Warner Bros selected WHAT in their ‘New Hollywood’ collection?

Tom Davidson
2 min readAug 11


Wikipedia defines the ‘New Hollywood era’ as:

“…a movement in American film history from the mid-1960s to the early 1980s, when a new generation of filmmakers came to prominence. They influenced the types of film produced, their production and marketing, and the way major studios approached filmmaking. In New Hollywood films, the film director, rather than the studio, took on a key authorial role.”

God help us, do Warner Bros know what ‘New Hollywood’ is

Key films, for example, include Easy Rider, The Godfather, Rosemary’s Baby, The Last Picture Show and The Exorcist.

It was a time when studios gave away their power and control over to some rogue and experimental producers and directors - and from it birthed a decade of cinema perhaps unsurpassed in history.

In the 80s, after smash-hits Jaws and Star Wars showed how much money movies could actually make — and how risky/expensive some directors were becoming — the studios wrested back control.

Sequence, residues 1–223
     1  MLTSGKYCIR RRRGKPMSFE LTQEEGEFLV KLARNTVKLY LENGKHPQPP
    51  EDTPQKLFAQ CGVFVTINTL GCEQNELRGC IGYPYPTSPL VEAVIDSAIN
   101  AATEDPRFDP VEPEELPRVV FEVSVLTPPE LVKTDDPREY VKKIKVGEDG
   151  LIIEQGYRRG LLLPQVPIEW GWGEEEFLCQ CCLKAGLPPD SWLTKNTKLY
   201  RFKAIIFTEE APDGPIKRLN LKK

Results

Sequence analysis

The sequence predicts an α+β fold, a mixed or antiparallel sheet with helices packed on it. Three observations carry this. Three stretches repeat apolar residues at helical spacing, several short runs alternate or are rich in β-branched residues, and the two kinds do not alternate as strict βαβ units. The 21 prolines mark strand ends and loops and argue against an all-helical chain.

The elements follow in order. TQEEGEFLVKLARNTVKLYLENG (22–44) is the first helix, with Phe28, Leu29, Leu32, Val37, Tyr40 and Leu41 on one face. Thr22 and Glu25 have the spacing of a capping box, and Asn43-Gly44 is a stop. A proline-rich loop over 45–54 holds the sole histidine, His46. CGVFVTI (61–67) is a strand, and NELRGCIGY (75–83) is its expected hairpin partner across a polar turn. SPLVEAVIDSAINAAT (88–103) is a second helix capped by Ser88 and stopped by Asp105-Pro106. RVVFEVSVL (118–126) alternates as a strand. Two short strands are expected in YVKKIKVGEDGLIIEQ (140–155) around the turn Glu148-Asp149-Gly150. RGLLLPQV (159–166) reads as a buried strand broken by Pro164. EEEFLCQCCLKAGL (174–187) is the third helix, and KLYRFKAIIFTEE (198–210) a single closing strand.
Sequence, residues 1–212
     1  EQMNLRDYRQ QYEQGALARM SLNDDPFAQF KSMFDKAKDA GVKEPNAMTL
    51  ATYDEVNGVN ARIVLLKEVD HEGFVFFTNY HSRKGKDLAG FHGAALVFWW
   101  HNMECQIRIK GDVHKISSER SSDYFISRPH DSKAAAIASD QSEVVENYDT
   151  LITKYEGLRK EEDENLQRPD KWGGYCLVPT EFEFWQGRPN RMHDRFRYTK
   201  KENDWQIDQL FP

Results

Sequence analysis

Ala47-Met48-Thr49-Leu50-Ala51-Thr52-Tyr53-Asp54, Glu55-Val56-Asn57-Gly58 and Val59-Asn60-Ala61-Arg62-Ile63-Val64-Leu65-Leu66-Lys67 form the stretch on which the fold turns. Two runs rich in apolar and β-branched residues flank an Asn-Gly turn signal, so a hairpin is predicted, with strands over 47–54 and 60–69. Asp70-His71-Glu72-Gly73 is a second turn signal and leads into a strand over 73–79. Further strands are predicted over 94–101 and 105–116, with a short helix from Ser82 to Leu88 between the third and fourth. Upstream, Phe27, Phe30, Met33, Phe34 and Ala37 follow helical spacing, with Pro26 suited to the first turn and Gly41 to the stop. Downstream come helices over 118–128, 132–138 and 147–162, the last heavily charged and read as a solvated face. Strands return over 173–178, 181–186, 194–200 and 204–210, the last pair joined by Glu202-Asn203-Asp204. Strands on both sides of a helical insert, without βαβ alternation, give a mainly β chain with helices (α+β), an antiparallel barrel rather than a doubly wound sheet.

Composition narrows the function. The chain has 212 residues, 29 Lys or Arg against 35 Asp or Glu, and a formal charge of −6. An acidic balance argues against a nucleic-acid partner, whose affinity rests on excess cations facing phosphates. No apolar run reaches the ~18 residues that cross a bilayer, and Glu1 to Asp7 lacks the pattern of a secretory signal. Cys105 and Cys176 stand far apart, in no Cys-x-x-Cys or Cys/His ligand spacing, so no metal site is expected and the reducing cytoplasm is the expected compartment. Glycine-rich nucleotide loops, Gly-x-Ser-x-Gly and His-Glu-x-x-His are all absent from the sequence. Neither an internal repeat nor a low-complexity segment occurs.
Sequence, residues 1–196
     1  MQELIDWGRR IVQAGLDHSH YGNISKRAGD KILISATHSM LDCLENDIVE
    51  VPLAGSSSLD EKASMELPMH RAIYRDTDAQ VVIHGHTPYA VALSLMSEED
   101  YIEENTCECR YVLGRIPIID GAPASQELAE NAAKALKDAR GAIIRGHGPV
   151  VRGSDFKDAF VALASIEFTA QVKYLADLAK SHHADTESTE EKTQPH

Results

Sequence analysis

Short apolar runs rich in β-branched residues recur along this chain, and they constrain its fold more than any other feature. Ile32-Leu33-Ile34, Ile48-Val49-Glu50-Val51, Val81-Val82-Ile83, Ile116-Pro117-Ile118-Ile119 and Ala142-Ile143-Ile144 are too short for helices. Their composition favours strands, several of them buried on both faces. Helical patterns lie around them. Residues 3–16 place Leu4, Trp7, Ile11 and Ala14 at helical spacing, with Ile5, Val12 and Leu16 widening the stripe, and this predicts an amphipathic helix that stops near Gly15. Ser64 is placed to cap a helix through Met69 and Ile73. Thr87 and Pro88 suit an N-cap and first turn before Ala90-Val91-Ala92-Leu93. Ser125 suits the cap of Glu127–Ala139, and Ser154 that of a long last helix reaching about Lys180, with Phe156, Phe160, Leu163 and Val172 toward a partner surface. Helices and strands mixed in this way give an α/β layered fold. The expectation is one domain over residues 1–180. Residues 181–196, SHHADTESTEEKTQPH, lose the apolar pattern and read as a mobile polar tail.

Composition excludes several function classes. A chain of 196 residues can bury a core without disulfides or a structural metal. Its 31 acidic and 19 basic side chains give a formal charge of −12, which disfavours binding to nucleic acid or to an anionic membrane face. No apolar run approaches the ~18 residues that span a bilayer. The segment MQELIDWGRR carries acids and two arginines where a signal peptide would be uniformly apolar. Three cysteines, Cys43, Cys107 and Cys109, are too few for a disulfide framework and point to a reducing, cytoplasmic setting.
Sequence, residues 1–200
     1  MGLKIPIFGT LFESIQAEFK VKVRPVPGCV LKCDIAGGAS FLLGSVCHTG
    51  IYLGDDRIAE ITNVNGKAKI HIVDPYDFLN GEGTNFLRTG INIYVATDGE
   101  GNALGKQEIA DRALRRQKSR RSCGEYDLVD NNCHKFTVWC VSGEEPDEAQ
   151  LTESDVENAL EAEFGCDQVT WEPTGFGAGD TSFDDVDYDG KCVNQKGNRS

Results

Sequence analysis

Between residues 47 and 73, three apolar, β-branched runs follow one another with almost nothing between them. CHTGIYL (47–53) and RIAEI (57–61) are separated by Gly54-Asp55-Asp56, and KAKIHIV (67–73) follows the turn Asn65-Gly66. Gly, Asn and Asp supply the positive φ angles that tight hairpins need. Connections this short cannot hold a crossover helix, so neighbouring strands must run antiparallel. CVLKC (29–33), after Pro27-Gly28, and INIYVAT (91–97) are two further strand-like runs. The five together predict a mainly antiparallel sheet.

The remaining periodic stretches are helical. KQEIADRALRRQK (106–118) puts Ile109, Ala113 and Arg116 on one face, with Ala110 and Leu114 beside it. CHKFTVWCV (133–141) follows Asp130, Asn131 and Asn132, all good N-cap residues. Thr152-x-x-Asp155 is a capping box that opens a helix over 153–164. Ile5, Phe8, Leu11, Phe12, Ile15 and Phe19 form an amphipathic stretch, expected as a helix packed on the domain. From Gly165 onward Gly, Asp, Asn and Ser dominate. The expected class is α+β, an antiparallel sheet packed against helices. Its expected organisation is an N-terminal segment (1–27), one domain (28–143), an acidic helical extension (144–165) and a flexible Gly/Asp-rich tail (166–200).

But the 70s was an era defined by maverick directors and challenging films. Real cinema by auteur directors who were given the keys to the kingdom for the first time.

(The era is well chronicled in Peter Biskind’s seminal Easy Riders and Raging Bulls: How the Sex, Drugs and Rock’n’Roll Generation Saved Hollywood).

Well, Warner Bros have helpfully packaged up a New Hollywood collection of five films in 4K as part of their 100th year celebrations.

They introduce it as:

“(an) essential 5-film collection, bringing together some of the greatest films from the New Hollywood era (1970s to 1980s). The collection includes films that redefined cinema, with new ways of storytelling, international influences and iconic directors.”

Those five films are:

  • Enter the Dragon
  • Willy Wonka & the Chocolate Factory
  • The Lost Boys
  • Gremlins
  • The Goonies

Funnily enough, none of these films are cited as ‘New Hollywood’ examples in the aforementioned Wikipedia article.

Enter The Dragon is an important film for Hollywood, it’s one of the greatest martial arts films of all time, it’s incredibly influential and it grossed roughly $400m worldwide. It is not a ‘New Hollywood’ movie.

Neither is Willy Wonka, or The Lost Boys, Gremlins or The Goonies.

Seriously, the fucking Goonies.

If you want the collection, it’ll set you back £49.99. For sale here.



Tom Davidson

30-year-old journalist living in south east London trying my hand at some film writing as and when